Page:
…the modest wooden church ‘was blessed and opened on a Sunday afternoon’ by the Roman Catholic Archbishop of Melbourne, the Most Rev. Dr. Mannix…
The Advocate of November 8, 1928 reported the opening of ‘a new church on a fine site at Arthurs Creek’. The church was built overlooking the creek flats and folding hills on the site of the former blacksmith shop at the corner of Greens Road.
Known as the Church of the Irish Martyrs, the modest wooden church ‘was blessed and opened on a Sunday afternoon’ by the Roman Catholic Archbishop of Melbourne, the Most Rev. Dr. Mannix.
Arthurs Creek (was) in the Diamond Creek parish, a widely scattered district, with churches in Diamond Creek, Eltham, Panton Hill, Warrandyte, Kinglake and Arthurs Creek. The parish priest (was) the Rev. James Lande, whose presbytery (was) in Diamond Creek.
‘The fine site was given by Mr. B. (Bartholomew) Ryder. Mr. D. (David) Murphy gave the blocks on which the church stood, and the large tank was the gift of Mr. Brinkotter. The church cost £440 to build… Fr. Cerrutti had originated the project, and Fr. Lande had carried it to completion… Mr. Everard, M.L.A. congratulated pastor and people on the erection of the fine church.’ Mr. L.W. Clarke of ‘Linton Grange’ Doreen, offered to donate a fine organ for the church.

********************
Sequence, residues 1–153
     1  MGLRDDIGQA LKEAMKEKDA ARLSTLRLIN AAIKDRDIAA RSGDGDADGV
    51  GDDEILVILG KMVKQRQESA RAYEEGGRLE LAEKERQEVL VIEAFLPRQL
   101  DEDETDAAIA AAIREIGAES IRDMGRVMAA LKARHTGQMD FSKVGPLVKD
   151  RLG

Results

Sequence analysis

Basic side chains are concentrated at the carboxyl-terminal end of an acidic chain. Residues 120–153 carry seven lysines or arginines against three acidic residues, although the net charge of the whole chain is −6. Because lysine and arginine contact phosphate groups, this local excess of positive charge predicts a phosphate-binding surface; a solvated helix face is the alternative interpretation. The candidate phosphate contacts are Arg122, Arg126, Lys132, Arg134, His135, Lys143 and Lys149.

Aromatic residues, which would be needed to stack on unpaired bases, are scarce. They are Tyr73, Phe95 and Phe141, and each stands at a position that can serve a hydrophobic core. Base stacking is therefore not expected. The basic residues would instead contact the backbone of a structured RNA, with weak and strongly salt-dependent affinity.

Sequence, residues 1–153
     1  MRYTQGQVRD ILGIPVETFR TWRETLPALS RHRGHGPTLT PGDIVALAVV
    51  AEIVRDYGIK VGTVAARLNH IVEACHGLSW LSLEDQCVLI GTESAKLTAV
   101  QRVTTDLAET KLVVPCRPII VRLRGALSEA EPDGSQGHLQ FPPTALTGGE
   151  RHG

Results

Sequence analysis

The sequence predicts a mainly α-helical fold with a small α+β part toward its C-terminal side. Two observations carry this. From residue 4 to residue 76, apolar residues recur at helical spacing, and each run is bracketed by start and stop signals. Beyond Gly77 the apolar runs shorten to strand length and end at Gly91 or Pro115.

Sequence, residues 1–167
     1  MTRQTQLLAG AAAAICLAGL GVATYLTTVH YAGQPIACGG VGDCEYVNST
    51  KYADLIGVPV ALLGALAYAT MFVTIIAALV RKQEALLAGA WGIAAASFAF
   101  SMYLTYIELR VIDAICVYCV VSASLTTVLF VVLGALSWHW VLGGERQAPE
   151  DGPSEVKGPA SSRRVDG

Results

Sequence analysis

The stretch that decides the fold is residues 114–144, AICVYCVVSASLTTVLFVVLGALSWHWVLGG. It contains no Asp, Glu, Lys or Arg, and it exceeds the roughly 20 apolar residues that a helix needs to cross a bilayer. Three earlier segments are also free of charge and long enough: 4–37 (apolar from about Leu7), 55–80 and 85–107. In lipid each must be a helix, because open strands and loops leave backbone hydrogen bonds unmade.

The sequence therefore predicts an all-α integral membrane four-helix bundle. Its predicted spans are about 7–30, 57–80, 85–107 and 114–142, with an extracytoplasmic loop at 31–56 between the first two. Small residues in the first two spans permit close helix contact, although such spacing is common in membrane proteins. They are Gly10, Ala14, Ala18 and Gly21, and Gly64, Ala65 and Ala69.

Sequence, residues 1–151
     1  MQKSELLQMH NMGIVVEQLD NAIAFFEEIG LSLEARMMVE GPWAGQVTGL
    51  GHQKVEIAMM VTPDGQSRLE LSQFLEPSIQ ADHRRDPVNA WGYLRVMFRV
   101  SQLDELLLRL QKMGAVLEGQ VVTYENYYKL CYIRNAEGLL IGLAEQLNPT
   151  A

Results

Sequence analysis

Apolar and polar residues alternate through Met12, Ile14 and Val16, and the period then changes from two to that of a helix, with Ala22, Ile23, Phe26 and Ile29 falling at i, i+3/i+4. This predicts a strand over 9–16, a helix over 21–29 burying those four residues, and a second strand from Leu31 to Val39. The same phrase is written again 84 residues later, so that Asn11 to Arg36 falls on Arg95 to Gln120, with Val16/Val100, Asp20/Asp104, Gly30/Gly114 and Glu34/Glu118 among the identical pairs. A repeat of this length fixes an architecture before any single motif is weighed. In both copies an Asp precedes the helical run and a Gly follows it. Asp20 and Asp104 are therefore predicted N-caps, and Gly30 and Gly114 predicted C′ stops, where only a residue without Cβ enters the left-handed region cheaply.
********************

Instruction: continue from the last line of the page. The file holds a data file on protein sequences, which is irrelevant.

‘On with the Dance,’ reported The Advertiser of January 4, 1929. Dance, dance with flying feet, until the small hours die away…. This advice was followed when, on the evening of Wednesday, December 26, a dance was held in the Arthurs Creek Mechanics Institute hall in aid of the new Roman Catholic Church. The hall was decorated with blue and gold streamers. Mr. Ryder’s band supplied the music and Mr. Lodge very efficiently carried out the duties of M.C. The attendance was good and most of the dancers went away looking forward to the time when a similar dance would be held for the same cause.’
The Advertiser of April 19, 1929 reported -‘On Sunday May 5, a sacred concert will be given in the new Catholic Church, Arthurs Creek. … A collection will be made in aid of the building fund… .’
In August 1990, the church building was moved to a new life as the Chapel of The Irish Martyrs and Memorial Garden at Loyola College, Watsonia.